California Representative Calls On Biden To Tackle Inflation With A “Bolder Vision And “Faster Action”

In an op-ed published in The New York Times, Ro Khanna, a Democrat representing the 17th district of California, called on President Joe Biden to do more to lower prices and help Americans fight inflation. 

Khanna said that while he supports the president’s efforts, he believes that the United States needs “a bolder vision and faster action.” 

The California representative’s comments follow President Biden’s presentation of a three-step plan earlier in the week, where the President said that he would aim to make goods more affordable, focusing on gas prices, and reduce the federal deficit through “common-sense reforms to the tax code.”

“To meet the moment, Mr. Biden should convene an emergency task force empowered to lower prices and address shortages. We need an all-out mobilization, not just a few ad hoc initiatives reacting to headlines,” Khanna proposed. “The most urgent goal of this task force would be to lower and stabilize short-term prices of volatile goods like food and fuel. We can do this through pre-emptive buying, a tool we’ve used since World War II.”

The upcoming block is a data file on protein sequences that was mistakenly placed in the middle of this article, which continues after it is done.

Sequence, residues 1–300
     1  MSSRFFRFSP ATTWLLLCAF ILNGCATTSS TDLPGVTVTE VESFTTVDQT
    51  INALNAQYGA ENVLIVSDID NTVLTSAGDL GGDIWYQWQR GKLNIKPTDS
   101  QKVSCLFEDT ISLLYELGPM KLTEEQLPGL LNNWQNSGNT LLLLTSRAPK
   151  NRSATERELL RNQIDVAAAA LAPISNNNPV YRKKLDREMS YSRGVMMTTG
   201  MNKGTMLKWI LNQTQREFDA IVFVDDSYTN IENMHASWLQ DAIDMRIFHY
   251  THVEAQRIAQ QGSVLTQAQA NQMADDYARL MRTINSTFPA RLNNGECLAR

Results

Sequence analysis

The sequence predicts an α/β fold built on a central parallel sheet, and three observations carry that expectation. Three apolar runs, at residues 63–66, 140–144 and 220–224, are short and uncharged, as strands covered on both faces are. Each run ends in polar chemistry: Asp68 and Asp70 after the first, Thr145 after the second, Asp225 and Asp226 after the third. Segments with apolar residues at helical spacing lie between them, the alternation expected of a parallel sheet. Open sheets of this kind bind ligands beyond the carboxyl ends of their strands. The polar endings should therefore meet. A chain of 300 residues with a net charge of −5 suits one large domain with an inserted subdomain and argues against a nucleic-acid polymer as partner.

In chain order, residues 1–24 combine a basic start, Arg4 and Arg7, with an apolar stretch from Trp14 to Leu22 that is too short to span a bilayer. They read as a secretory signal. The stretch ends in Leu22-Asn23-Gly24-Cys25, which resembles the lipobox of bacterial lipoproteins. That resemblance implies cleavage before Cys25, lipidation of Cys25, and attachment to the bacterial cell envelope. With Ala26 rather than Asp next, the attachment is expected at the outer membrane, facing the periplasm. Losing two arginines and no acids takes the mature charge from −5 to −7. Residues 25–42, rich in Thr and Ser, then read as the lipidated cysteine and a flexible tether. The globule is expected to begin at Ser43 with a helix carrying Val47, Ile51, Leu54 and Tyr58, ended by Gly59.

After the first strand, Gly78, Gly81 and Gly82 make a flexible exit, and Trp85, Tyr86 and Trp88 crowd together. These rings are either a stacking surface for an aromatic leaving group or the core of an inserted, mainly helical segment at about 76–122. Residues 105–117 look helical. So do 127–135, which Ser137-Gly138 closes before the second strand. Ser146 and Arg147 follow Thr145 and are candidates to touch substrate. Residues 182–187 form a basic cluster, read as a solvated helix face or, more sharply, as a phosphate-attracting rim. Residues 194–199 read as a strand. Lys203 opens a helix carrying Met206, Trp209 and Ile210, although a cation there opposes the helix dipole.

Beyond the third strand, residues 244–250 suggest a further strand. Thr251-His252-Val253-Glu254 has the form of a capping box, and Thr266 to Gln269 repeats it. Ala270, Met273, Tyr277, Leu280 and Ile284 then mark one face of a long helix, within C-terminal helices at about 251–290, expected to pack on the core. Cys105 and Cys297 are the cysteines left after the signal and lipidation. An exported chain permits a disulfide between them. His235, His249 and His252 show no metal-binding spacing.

This would mean buying global commodities during significant price dips, which Khanna says occurs multiple times in a month, and reselling them at a lower price to the people. Buying during the dips, according to the representative, will neutralize the price volatility of these goods and lock in low prices.

He believes that this “would lower and stabilize prices for key grocery store products within weeks.” 

Khanna also suggested that to address the infant formula shortage, “we must finance the production of baby formula itself at multiple manufacturers to get the product back in stores as fast as possible.” Comparing this to how the country was able to “go from making fewer than 1,000 warplanes before World War II to 96,000 per year just a few years later,” the model should mean that there should be enough supply of formula to meet the demand within two months.

The representative also outlined recommendations for worker shortages, “we must issue clear regulations to permanently improve their working conditions and provide generous wage subsidies for American workers during the shortages.” 

And then he called on Congress to pass the Bipartisan Innovation Act before June, to pave the way for the country’s re-industrialization, beginning with upping the manufacturing of semiconductors for American cars and laptops.

“To remain the pre-eminent economy, we need enough capacity to handle supply chain disruptions without entire industries being upended,” he said.

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